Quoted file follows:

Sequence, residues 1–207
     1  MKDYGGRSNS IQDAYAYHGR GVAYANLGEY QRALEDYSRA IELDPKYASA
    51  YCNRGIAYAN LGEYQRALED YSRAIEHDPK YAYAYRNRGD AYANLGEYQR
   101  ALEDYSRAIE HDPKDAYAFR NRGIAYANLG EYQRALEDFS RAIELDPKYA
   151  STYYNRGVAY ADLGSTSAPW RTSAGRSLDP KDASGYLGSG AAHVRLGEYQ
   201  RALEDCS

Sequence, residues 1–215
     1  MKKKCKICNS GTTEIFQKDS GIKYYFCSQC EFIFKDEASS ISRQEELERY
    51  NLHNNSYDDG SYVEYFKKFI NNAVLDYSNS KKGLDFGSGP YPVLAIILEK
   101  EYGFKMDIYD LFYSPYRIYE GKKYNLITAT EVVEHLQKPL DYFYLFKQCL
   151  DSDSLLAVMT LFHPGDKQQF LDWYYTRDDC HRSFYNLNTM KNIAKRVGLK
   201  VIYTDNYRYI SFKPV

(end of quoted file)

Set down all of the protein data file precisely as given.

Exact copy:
Sequence, residues 1–207
     1  MKDYGGRSNS IQDAYAYHGR GVAYANLGEY QRALEDYSRA IELDPKYASA
    51  YCNRGIAYAN LGEYQRALED YSRAIEHDPK YAYAYRNRGD AYANLGEYQR
   101  ALEDYSRAIE HDPKDAYAFR NRGIAYANLG EYQRALEDFS RAIELDPKYA
   151  STYYNRGVAY ADLGSTSAPW RTSAGRSLDP KDASGYLGSG AAHVRLGEYQ
   201  RALEDCS

Sequence, residues 1–215
     1  MKKKCKICNS GTTEIFQKDS GIKYYFCSQC EFIFKDEASS ISRQEELERY
    51  NLHNNSYDDG SYVEYFKKFI NNAVLDYSNS KKGLDFGSGP YPVLAIILEK
   101  EYGFKMDIYD LFYSPYRIYE GKKYNLITAT EVVEHLQKPL DYFYLFKQCL
   151  DSDSLLAVMT LFHPGDKQQF LDWYYTRDDC HRSFYNLNTM KNIAKRVGLK
   201  VIYTDNYRYI SFKPV